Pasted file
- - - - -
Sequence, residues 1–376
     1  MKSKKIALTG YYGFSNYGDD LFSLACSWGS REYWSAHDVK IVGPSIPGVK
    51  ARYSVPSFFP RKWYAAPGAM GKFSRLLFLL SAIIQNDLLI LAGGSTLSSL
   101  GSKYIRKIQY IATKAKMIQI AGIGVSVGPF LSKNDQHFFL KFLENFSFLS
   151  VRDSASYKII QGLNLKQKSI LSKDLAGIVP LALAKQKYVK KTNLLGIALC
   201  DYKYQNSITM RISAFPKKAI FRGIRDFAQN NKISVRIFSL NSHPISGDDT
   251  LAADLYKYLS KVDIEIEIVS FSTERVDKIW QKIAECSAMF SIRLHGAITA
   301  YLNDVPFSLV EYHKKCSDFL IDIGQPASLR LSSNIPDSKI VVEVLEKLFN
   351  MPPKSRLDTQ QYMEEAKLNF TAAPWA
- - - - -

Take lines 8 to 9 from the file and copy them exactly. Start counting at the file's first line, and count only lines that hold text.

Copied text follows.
   301  YLNDVPFSLV EYHKKCSDFL IDIGQPASLR LSSNIPDSKI VVEVLEKLFN
   351  MPPKSRLDTQ QYMEEAKLNF TAAPWA